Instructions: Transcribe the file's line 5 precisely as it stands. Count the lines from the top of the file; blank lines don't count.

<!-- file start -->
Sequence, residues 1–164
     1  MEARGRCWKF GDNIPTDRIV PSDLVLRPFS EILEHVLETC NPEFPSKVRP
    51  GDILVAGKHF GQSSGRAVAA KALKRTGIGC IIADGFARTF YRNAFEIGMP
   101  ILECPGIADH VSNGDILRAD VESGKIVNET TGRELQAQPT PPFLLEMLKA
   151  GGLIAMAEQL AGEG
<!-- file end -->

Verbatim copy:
   151  GGLIAMAEQL AGEG